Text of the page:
Thunderstorms pose a safety hazard in several ways. Lightning is the most dangerous part of a thunderstorm, and it kills more people than hurricanes and tornadoes combined. Thunderstorms produce heavy rain, which can cause flash flooding. The strong winds from a thunderstorm can also cause widespread damage. Each of these components requires specific precautions to minimize their danger.
A thunderstorm typically has a diameter of 15 miles and lasts for 30 minutes, which is much smaller than a hurricane or winter storm. The National Weather Service places specific criteria on a severe thunderstorm. These include thunderstorms that produce hail with a diameter of at least ¾ inch, wind gusts of at least 58 mph or a tornado. Severe thunderstorms comprise about 10 percent of all thunderstorms.
Lightning from a thunderstorm can strike as far as 10 miles away in from any rain. This generally means that you are at risk from lightning. Lightning travels much faster than sound, which allows you to estimate your distance from the lightning. You can do this by measuring the number of seconds between the lightning and thunder. Divide this result by five to obtain the distance to the lightning in miles.
The NWS recommends that you stay indoors for 30 minutes after the last clap of thunder when you hear thunder less than 30 seconds after the lightning. This rule is known as the 30/30 lightning safety rule.
You may need to take emergency shelter in a thunderstorm if you don’t have time to get back to your main residence before the thunderstorm hits. A shelter should generally be a sturdy structure that is closed on the top. It should also have some type of wiring or plumbing through the structure to ground it from the lightning. A vehicle with a hard top is better than no shelter at all.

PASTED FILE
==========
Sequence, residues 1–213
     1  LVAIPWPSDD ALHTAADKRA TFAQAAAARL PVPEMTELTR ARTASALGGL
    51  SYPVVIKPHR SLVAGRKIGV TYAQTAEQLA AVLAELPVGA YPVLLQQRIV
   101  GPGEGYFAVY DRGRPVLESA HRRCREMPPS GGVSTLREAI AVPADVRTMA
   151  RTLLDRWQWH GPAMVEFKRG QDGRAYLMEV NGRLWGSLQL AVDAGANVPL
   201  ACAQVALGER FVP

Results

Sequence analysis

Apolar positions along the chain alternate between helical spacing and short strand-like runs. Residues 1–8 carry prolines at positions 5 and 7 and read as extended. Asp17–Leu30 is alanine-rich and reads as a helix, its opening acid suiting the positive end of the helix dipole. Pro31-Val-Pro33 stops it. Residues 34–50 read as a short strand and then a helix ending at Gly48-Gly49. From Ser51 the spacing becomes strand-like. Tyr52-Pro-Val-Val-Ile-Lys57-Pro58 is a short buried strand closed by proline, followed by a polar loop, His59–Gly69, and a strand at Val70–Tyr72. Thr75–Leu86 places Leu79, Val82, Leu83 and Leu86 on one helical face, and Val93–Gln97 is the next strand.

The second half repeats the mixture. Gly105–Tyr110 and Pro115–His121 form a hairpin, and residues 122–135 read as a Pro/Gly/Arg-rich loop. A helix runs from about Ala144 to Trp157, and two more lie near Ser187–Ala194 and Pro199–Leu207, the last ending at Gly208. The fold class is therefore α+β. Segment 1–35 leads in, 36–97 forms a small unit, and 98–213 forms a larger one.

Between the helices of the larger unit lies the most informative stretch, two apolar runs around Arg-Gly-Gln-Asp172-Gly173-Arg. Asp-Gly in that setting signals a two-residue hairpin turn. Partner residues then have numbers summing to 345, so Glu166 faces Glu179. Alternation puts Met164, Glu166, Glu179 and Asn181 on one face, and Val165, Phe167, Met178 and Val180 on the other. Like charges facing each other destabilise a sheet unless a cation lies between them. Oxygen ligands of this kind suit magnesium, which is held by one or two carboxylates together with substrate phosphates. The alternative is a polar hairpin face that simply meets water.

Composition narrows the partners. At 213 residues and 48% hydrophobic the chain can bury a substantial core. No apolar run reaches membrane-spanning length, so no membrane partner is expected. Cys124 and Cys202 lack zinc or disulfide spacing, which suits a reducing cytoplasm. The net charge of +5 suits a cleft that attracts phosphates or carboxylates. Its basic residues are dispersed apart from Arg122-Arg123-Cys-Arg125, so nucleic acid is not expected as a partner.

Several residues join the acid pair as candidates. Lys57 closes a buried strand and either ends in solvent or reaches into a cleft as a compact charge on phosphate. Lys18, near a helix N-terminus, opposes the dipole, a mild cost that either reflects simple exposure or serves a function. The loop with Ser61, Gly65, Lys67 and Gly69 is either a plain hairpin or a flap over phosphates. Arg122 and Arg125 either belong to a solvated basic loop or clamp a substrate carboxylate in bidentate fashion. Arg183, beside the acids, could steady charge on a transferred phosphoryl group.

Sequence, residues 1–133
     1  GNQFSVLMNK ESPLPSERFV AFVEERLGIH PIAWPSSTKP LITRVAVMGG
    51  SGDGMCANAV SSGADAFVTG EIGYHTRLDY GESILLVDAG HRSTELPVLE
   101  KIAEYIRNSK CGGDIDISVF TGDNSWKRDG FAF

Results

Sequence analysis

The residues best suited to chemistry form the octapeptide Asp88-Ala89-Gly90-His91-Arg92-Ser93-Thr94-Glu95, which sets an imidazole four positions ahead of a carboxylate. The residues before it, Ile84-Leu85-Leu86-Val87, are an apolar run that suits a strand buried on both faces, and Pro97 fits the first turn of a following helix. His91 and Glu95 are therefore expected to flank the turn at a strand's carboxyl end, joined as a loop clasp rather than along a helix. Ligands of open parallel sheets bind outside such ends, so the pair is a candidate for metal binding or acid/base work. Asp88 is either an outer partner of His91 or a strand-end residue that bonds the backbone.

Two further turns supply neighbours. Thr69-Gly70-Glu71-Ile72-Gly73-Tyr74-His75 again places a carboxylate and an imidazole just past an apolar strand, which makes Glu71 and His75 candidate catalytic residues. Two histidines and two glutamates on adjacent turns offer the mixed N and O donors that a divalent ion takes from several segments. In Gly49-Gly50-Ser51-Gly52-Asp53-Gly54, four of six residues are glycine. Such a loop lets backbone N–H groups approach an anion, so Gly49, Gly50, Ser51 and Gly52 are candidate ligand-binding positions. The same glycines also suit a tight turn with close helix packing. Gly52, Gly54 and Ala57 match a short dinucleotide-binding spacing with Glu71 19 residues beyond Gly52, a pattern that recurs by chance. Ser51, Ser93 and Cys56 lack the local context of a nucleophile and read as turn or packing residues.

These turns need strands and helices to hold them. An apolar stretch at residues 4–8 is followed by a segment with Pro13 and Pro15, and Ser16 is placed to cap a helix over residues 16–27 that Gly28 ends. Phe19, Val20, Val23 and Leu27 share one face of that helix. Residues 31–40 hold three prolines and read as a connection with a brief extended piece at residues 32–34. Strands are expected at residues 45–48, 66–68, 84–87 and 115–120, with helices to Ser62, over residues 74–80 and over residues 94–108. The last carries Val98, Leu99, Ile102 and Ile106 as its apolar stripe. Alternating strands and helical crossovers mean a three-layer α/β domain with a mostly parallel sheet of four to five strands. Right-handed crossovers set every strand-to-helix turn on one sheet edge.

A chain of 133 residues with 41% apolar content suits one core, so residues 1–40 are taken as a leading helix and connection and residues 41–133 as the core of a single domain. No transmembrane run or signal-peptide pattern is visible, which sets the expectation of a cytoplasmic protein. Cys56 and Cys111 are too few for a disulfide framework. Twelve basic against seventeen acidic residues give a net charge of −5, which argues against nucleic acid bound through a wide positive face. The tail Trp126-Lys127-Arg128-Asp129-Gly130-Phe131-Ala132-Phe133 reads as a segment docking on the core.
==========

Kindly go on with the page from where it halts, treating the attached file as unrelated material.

Avoid taking emergency shelter in structures that are vulnerable to high winds, such as a mobile home. Outdoors shelters such as sheds, pavilions and golf’s typically will not protect you from flying debris and lightning. Avoid and report downed power lines. Bring pets and livestock under shelter to protect them during hailstorms.
You must also take additional precautions once you are safely indoors. Unplug any electrical appliances that you don’t need immediately since lightning can severely damage electrical appliances when they are plugged in. Refrain from activities that involve running water, such as taking a bath or shower. Running water can provide a conduit for lightning. Draw the blinds to protect yourself from broken windows.